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John Wayne
as Ethan Edwards
Jeffrey Hunter
as Martin Pawley
Vera Miles
as Laurie Jorgensen
Natalie Wood
as Debbie Edwards
Ward Bond
as Samuel Clayton
John Qualen
as Lars Jorgensen
John Milius
as Narrated
Olive Carey
as Mrs. Jorgensen
Henry Brandon
as Chief Scar
Ken Curtis
as Charlie McCorry
Harry Carey Jr.
as Brad Jorgensen
Antonio Moreno
as Emilio Figueroa
Hank Worden
as Mose Harper
Lana Wood
as Debbie as a Child
Walter Coy
as Aaron Edwards
Dorothy Jordan
as Martha Edwards
Pippa Scott
as Lucy Edwards
Patrick Wayne
as Lt. Greenhill
Jack Pennick
as Sergeant
Peter Mamakos
as Futterman
Cliff Lyons
as Col. Greenhill
Chuck Roberson
as Man at wedding
Ruth Clifford
as Deranged woman at fort
Mae Marsh
as Woman at fort
Chief Thundercloud
as Comanche chief
Dan Borzage
as Accordionist at Funeral
Nacho Galindo
as Mexican bartender
Away Luna
as Comanche
Robert Lyden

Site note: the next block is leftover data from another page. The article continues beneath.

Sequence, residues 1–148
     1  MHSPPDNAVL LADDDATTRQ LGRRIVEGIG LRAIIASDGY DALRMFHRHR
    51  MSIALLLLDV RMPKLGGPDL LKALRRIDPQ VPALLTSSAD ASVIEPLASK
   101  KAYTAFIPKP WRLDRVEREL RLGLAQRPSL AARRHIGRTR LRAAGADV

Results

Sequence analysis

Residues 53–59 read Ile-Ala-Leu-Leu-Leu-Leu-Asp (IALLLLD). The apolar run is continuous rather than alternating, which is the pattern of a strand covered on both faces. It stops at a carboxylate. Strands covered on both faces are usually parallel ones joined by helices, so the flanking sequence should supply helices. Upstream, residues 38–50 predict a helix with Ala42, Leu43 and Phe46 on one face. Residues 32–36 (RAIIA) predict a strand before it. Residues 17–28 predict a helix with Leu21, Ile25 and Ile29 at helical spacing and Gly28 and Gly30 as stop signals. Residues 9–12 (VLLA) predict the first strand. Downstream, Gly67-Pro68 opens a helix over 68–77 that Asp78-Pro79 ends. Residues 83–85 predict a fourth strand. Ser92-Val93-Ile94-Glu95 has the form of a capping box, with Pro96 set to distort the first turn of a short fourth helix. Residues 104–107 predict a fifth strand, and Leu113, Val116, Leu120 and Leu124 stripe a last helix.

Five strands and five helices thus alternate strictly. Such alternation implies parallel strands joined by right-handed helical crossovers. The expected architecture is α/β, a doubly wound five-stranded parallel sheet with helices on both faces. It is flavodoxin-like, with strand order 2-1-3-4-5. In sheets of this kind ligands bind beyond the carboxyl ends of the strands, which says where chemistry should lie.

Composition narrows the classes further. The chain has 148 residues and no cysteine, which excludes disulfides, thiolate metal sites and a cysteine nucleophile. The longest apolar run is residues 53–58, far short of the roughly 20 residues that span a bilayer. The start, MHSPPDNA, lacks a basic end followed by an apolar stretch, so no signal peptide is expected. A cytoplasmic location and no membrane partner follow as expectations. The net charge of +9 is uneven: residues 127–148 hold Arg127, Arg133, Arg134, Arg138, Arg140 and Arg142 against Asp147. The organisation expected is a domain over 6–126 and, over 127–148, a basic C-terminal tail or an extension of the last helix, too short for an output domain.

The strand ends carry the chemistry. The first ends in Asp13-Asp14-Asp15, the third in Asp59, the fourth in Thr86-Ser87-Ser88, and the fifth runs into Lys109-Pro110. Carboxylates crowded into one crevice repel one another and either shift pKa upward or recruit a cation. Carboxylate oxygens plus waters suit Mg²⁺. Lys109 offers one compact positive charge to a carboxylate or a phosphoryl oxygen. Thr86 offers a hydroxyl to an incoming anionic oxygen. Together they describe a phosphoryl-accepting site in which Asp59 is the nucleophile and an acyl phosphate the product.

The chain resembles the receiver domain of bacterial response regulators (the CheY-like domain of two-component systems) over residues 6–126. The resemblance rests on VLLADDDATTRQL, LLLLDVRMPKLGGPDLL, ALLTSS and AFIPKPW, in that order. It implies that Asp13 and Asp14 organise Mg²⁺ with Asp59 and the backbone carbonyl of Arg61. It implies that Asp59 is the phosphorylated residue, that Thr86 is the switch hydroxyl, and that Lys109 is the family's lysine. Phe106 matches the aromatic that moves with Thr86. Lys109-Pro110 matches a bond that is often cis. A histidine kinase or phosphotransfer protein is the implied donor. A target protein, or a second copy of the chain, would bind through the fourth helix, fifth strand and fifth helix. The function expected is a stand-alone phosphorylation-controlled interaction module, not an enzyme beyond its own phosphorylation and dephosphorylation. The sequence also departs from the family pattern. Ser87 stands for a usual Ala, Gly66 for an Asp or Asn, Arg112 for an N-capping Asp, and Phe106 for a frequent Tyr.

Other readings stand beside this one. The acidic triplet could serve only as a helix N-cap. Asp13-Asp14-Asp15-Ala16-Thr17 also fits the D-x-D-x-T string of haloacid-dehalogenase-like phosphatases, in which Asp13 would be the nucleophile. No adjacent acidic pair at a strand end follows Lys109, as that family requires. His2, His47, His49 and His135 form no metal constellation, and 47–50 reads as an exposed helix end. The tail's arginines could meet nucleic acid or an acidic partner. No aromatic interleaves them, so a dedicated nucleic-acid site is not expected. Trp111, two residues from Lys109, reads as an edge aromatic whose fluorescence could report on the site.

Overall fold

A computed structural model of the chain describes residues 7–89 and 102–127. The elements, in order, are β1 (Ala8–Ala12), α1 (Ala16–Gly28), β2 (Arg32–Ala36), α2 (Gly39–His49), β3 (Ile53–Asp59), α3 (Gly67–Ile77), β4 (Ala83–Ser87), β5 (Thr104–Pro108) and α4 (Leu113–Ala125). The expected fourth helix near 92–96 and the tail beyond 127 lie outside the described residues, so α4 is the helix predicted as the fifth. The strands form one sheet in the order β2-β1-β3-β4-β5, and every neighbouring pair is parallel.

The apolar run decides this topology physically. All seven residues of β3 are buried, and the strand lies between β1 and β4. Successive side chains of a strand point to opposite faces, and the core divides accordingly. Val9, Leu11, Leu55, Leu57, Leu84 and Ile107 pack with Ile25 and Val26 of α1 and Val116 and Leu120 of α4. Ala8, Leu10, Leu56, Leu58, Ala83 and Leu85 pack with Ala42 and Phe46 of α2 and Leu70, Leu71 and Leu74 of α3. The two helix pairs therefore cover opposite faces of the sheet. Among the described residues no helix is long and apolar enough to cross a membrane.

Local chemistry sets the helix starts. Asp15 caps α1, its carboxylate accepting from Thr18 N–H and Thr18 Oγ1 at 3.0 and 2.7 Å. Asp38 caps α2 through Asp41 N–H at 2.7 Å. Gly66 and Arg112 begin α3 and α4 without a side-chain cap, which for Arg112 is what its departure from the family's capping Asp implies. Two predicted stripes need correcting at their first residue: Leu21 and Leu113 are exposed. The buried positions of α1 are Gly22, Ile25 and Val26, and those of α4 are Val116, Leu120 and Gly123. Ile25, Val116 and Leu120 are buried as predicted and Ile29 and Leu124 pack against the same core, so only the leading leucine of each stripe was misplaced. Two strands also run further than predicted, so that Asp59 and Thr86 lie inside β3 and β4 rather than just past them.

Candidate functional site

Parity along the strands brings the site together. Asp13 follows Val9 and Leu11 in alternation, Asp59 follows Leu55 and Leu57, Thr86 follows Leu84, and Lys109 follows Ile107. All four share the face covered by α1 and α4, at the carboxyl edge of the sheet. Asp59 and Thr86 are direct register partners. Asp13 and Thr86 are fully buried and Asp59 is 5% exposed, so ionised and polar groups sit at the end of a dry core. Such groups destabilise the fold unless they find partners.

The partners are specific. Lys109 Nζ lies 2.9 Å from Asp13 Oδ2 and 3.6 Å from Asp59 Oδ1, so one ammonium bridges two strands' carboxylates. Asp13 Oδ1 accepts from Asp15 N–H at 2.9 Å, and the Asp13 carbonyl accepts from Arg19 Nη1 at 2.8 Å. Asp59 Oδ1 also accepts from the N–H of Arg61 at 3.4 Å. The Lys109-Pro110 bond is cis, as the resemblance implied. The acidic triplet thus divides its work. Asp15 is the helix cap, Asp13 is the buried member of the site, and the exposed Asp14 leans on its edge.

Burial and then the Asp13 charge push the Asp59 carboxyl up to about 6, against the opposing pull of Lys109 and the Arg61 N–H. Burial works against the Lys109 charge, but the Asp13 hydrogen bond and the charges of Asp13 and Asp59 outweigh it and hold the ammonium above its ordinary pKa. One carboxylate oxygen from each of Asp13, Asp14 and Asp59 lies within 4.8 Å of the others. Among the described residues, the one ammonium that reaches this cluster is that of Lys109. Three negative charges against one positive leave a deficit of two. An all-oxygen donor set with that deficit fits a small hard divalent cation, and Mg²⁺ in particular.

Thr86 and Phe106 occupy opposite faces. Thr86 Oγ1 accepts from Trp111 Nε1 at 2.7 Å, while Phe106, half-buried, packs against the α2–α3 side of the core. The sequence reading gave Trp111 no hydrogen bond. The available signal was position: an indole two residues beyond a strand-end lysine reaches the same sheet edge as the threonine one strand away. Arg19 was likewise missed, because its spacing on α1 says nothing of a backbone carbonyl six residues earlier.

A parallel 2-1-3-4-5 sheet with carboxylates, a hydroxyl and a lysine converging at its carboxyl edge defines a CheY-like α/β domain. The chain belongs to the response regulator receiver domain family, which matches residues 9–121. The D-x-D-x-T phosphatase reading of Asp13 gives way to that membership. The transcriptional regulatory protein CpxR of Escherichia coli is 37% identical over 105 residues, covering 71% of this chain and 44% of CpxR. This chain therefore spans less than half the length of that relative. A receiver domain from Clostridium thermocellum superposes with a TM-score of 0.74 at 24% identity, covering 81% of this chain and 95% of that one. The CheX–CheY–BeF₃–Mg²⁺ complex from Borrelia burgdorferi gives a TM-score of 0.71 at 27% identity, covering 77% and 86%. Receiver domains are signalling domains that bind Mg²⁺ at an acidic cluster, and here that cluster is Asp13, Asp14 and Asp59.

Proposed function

as Ben Edwards
Billy Yellow
as Comanche
Danny Borzage
as Accordionist at Funeral
Jack Tin Horn
as Comanche
Shooting Star
as Comanche
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News & Interviews for The Searchers

Critic Reviews for The Searchers

All Critics (50) | Top Critics (12)

[The Searchers is] Ford's greatest western, with John Wayne as the relentless adventurer Ethan Edwards.

February 5, 2019 | Rating: 4/4 | Full Review…

This C.V. Whitney production is undoubtedly one of the greatest Westerns ever made.

March 19, 2018 | Full Review…

Some fine vignettes of frontier life in the early southwest and a realistic presentation of the difficulties faced by the settlers in carving out a homestead in dangerous Indian country.

June 27, 2007 | Full Review…